The valley, where gods are said to have meditated for 3,000 years, is particularly alluring to the spiritually curious. Every summer, the valley hosts a Rainbow Gathering, a counterculture congregation that promotes anti-consumerism and utopianism. Many visitors come to venerate Shiva, husband of Parvati and one of the most exalted and popular gods in the Hindu pantheon. Among Shivaâ€™s most resolute followers are the sadhus who dress and live in emulation of the gods, but many Westerners are also lured by his familiar symbolism as the dreadlocked master of meditation and yoga and the supreme renouncer of possessions, and follow suit. Those who follow this path view the Parvati Valley as a penultimate stage or even the culmination of their quest for enlightenment. It is a place where wandering ascetics, New Age neophytes, and determined religious tourists flock, believing that the bumpy road to nowhere instead leads to long-sought answers or higher understanding. While Parvati is purifying water, Shiva is transforming fire.
The valley may appear idyllic, but it holds a dark past. Over the past 25 years, according to both official and unofficial reports, at least two dozen foreign tourists have died or disappeared in and around the Parvati Valley. Among the vanished are people from Canada, Israel, Japan, Italy, Czech Republic, Russia, Netherlands, Switzerland, and Australia. Distraught loved ones post stories of the missing on social media, online message boards, and travel forums with scattered details and few clues.
Many cases reek of foul play. In 1996, Ian Mogford of the UK disappeared in the Parvati Valley after reportedly telling his father over the phone that he had befriended a sadhu. â€œIt is not beyond the realms of possibility that… for some reason my son got attacked and is lying on the bottom of a gorge,â€ Mogfordâ€™s father told the Telegraph. Others might have been targeted after being caught up in the lucrative drug trade, buying hash at the source and selling it to tourists. After Bruno Muschalik, a backpacker from Poland, went missing in the summer of 2015, his father maintained that local drug mafias were to blame. Some of the missing are presumed murdered; in 2000, a British man, his fiancÃ©e, and her teenage son were brutally attacked while camping above the Parvati Valley. Only the man survived. Most simply vanished without a trace in this one sliver of the subcontinent.
When a body does turn up, it is often pulled from the torrential churn of the Parvati River, which during the monsoon summer is capable of carrying a person downstream or consuming one in its undertow in a blink. But it is the dearth of bodies that turns the Parvati Valley into Indiaâ€™s backpacker Bermuda Triangle.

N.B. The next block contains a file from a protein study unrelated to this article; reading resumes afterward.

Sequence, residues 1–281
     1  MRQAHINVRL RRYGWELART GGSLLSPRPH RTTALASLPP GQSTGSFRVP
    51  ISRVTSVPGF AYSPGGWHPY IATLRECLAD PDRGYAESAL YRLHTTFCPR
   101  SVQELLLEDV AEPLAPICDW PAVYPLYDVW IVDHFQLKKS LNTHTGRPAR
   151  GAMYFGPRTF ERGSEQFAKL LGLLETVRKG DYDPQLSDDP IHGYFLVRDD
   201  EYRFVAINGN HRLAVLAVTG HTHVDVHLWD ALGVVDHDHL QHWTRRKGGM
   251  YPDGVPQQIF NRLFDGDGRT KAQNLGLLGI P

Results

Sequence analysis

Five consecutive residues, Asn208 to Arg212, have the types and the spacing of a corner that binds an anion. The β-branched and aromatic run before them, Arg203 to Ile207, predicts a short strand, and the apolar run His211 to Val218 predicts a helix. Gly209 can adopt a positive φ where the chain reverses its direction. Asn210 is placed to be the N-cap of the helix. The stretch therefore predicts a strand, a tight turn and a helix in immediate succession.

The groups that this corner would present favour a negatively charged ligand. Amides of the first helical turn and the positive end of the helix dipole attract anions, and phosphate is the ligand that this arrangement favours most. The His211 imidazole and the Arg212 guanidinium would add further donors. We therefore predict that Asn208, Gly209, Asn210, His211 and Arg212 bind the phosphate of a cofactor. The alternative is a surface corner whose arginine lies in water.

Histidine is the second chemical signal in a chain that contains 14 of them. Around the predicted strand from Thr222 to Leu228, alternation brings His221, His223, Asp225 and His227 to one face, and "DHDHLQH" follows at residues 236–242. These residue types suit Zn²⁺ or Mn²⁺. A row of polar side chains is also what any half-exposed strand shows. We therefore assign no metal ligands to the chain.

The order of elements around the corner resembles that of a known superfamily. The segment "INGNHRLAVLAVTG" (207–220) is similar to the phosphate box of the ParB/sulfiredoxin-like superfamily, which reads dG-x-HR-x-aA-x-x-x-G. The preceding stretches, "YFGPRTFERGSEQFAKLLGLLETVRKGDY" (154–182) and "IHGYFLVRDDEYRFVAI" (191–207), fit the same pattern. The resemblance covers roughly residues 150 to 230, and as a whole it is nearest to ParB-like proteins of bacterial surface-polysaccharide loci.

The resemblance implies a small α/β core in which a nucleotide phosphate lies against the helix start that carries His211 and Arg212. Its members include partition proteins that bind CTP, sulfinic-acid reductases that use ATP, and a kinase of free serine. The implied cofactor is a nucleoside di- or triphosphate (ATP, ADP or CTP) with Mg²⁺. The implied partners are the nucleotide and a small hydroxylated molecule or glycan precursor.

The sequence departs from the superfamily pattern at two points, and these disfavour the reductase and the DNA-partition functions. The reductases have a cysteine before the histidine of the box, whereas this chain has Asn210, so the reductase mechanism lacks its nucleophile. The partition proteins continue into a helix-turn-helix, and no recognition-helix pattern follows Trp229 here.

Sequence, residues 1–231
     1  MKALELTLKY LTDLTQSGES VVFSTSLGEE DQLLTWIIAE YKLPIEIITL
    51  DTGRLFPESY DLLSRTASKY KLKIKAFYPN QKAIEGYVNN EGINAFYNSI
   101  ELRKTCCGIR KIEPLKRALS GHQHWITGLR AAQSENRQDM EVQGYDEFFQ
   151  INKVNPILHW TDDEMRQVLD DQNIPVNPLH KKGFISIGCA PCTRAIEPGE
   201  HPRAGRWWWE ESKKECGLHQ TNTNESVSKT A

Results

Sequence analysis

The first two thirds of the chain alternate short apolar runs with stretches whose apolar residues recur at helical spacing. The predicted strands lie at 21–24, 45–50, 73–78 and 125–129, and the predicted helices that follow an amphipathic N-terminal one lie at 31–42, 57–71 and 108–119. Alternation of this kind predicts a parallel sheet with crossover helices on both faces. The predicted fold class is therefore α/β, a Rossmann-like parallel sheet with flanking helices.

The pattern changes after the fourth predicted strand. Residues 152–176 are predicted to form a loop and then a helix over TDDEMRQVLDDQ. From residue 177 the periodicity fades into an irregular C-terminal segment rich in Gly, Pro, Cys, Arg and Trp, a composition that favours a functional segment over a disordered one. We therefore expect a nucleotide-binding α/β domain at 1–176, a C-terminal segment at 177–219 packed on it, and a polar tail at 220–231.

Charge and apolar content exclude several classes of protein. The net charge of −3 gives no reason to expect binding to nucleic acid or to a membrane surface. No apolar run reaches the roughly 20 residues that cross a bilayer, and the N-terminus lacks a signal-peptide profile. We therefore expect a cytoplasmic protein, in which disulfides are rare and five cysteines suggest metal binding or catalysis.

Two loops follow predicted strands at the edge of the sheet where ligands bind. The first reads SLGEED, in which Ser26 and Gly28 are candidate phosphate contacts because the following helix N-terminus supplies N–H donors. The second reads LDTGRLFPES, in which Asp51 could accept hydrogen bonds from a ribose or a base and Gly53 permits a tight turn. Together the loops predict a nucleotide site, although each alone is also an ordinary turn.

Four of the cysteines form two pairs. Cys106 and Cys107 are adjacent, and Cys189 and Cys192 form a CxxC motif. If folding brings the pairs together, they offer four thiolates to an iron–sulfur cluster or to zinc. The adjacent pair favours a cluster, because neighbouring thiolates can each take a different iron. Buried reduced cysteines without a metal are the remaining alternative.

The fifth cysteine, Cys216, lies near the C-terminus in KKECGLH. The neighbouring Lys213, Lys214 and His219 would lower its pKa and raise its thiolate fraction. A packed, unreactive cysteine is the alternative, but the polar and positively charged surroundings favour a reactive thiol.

In the rest of the country, hotel and guesthouse owners are required by law to log their patrons into an online database, but in the Parvati, the vast majority travel in and out without record. The isolation and lack of regulation only add to the draw. Itâ€™s not difficult or unusual for foreigners to deliberately drop off the radar for the full duration of or even illegally beyond their travel visas. One Israeli man lived in the valley for decades, growing and dealing hash, getting married and having a child, until he was arrested for overstaying his visa.
With conditions ripe for vanishing without trace, a question arises: Did all of these travelers get lost or murdered in the wild, or did some not want to be found?
Well, it’s neither so spiritual nor so mysterious as all that. It turns out that the Parvathi Valley is the Himalayan equivalent of Humboldt County, doing a booming trade in Charas, an exceptionally potent local version of hashish.
The Parvati Valley in Himachal Pradesh is an extraordinarily beautiful region, but most people know it more for its charas than its beauty. Even till a decade ago, the valley remained underground, somewhat surprisingly, and mostly saw foreign tourists, as Indian tourists preferred other destinations in the Himalayan state. But as awareness about cannabis (the source plant of charas) and its forms increased in India over the years, the Valley has seen more and more young Indians pour in. While that has definitely helped tourism in the Valley’s villages, its environment, along with its reputation, has suffered a lot.